SCRUM supports a common knowledge representation and alignment of expectations, which increases team performance.
The SCRUM framework with its three elements roles, artefacts and processes provides guidance on what is expected from which role at a certain process step. For instance, the role Product Owner in a product development project translates customer expectations in a way such that the implementation team is able to grasp them from a technological point of view. In addition, SCRUM puts an emphasis on incremental results with a definition of done after every Sprint. This is one of the many built-in mechanisms of SCRUM to make sure expectations of all involved individuals are aligned on a regular basis.
Taking this into consideration we think that SCRUM supports a common language and knowledge representation among team members. There is considerable evidence that such “Team Mental Models” (sometimes referred to as Shared Mental Models) have a positive impact on team performance (DeChurch and Mesmer-Magnus 2010). However, even though SCRUM supports shared mental models they won’t be available from the very beginning but need time to be build, shared and committed (McComb and Simpson 2014).
SCRUM relies on distributed and servant leadership which is connected to a set of positive organizational outcomes.
From a leadership perspective, SCRUM relies mainly on the distributed and servant leadership approaches. This is reflected in a lack of formal hierarchy in the implementation team and a so called SCRUM Master role which serves the team as a moderator and coach. Having the overall project objective for guidance and within the SCRUM methodological framework, the team members self-organize their work with a minimum of formal leadership interventions. This gives rise to a set of positive organizational outcomes: There is some evidence that less hierarchy increases innovativeness (Naranjo-Valencia et al. 2016), which supports the claim that SCRUM is most useful to find unique solutions to complex problems in a VUCA environment. In addition, empowerment, which is in the heard of servant leadership (Sendjaya et al. 2008), is connected to a set of positive team and individual outcomes such as job satisfaction, task performance and team performance (Hülsheger et al. 2009).
Agility and agile frameworks such as SCRUM do indeed add value.
As managers and professionals from the public and private sector we have participate in a set of agile transformations, ranging from product development projects to large scale re-alignments of entire management systems. In order to get a better understanding of whether the time, energy and resources invested into this initiatives really makes a difference, we had a look beneath the surface of agility and SCRUM from an evidence-based management point of view. Our findings indicate that agility and agile frameworks such as SCRUM do indeed add value. However, there is a set of factors including your organization's particular culture, level of expertize related to agility and SCRUM that will have an impact on whether your agile transformation adds value or not.
Agility is more than SCRUM and Kanban
Another key take-away of our findings is that agility is much more than SCRUM and Kanban. A full-scale agile transformation requires you to change the way your organization operates in a much more pervasive level than just developing products based on an agile framework such as SCRUM. As mentioned earlier, agility is about gaining a competitive advantage through a superior decision-making process in terms of decision-making speed, quality, implementation and learning from (side-) effects. The challenge is to get this mode of operations implemented in your organizations such that it is part of daily business.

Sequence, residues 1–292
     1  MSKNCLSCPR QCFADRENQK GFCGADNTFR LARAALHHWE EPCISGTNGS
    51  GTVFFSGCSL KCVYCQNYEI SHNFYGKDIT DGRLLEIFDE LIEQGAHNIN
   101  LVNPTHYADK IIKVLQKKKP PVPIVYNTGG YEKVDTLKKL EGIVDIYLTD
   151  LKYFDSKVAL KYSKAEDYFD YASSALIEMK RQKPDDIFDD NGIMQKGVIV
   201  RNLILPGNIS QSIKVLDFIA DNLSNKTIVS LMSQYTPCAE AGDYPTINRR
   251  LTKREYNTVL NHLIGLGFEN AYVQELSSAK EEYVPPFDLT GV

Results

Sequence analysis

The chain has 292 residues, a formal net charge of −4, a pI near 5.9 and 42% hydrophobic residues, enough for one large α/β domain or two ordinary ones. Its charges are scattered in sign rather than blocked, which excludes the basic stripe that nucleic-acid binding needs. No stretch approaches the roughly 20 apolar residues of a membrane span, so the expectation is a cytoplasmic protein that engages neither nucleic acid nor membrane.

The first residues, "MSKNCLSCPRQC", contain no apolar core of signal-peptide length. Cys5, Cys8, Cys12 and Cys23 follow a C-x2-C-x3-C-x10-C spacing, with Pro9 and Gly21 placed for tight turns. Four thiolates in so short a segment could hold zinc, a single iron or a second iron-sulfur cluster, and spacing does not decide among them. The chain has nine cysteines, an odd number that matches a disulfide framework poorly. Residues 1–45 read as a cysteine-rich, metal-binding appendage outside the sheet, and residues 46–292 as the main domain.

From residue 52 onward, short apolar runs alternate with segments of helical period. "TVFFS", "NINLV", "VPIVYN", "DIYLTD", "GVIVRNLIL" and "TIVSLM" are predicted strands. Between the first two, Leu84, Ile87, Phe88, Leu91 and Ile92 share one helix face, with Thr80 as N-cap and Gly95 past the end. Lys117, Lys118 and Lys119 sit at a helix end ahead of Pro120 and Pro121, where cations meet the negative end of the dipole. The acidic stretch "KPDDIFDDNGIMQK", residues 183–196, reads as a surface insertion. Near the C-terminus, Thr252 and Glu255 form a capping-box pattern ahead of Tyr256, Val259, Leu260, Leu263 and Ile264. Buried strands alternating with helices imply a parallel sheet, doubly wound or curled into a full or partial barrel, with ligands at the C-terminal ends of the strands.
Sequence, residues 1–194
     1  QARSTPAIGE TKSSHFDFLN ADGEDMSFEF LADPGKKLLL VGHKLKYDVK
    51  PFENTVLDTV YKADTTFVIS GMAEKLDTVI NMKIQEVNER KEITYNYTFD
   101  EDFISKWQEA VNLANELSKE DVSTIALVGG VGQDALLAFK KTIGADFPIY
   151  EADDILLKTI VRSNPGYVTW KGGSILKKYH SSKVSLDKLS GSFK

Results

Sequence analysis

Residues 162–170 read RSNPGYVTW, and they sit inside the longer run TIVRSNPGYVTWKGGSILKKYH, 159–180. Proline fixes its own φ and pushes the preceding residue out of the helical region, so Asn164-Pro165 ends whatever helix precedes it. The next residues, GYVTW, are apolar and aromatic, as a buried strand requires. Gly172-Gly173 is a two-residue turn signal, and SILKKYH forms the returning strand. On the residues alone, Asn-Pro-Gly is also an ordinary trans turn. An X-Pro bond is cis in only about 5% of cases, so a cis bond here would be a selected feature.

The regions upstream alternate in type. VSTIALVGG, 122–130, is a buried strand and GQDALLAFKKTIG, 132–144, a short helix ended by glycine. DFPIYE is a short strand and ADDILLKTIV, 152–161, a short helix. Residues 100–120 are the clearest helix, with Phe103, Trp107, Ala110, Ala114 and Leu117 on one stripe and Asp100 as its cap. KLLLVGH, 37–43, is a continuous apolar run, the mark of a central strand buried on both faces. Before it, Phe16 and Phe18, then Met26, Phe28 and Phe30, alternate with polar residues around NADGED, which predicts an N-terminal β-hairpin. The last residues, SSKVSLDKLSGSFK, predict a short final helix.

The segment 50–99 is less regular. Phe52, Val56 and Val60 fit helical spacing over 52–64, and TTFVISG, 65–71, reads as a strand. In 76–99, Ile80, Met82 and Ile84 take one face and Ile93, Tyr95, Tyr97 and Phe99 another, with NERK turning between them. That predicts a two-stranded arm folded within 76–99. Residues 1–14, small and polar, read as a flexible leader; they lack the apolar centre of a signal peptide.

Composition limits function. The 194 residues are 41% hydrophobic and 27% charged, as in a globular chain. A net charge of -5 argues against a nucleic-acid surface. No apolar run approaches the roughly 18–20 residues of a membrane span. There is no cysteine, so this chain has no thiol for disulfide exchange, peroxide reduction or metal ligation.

References and further reading
Broeck, Anja; Vansteenkiste, Maarten; Witte, Hans; Soenens, Bart; Lens, Willy (2010): Capturing autonomy, competence, and relatedness at work. Construction and initial validation of the Work-related Basic Need Satisfaction scale. In: Journal of Occupational and Organizational Psychology 83 (4), S. 981–1002. DOI: 10.1348/096317909X481382.
DeChurch, Leslie A.; Mesmer-Magnus, Jessica R. (2010): Measuring shared team mental models. A meta-analysis. In: Group Dynamics: Theory, Research, and Practice 14 (1), S. 1–14. DOI: 10.1037/a0017455.
Deci, Edward L.; Olafsen, Anja H.; Ryan, Richard M. (2017): Self-Determination Theory in Work Organizations. The State of a Science. In: Annu. Rev. Organ. Psychol. Organ. Behav. 4 (1), S. 19–43. DOI: 10.1146/annurev-orgpsych-032516-113108.
Enck, Robert E. (2012): The OODA Loop. In: Home Health Care Management & Practice 24 (3), S. 123–124. DOI: 10.1177/1084822312439314.
Hülsheger, Ute R.; Anderson, Neil; Salgado, Jesus F. (2009): Team-level predictors of innovation at work. A comprehensive meta-analysis spanning three decades of research. In: The Journal of applied psychology 94 (5), S. 1128–1145. DOI: 10.1037/a0015978.
Kleingeld, Ad; van Mierlo, Heleen; Arends, Lidia (2011): The effect of goal setting on group performance. A meta-analysis. In: The Journal of applied psychology 96 (6), S. 1289–1304. DOI: 10.1037/a0024315.
Locke, Edwin A.; Latham, Gary P. (2016): New Directions in Goal-Setting Theory. In: Curr Dir Psychol Sci 15 (5), S. 265–268. DOI: 10.1111/j.1467-8721.2006.00449.x.
McComb, Sara; Simpson, Vicki (2014): The concept of shared mental models in healthcare collaboration. In: Journal of advanced nursing 70 (7), S. 1479–1488. DOI: 10.1111/jan.12307.
Naranjo-Valencia, Julia C.; Jiménez-Jiménez, Daniel; Sanz-Valle, Raquel (2016): Studying the links between organizational culture, innovation, and performance in Spanish companies. In: Revista Latinoamericana de Psicología 48 (1), S. 30–41. DOI: 10.1016/j.rlp.2015.09.009.
Sendjaya, Sen; Sarros, James C.; Santora, Joseph C. (2008): Defining and Measuring Servant Leadership Behaviour in Organizations. In: Journal of Management Studies 45 (2), S. 402–424. DOI: 10.1111/j.1467-6486.2007.00761.x.
Wittmann, Jochen (2017): Auftragstaktik for Business Organizations in Volatile and Uncertain Environments. A Competence-Based View. In: ijbm 2 (2). DOI: 10.22492/ijbm.2.2.02.
Markus is one of the founders of CQ and leads trainings in the area of Management and Mechanical Engineering. He holds a Master and Doctoral Degree in Economics and Computer Science from the Technical University of Vienna and a MSc in Organisational Behaviour from Birkbeck College, University of London. Being a dedicated "Knowledge Worker", Markus has continued his career with various private sector assignments in the management consulting, automotive and mechanical engineering industry.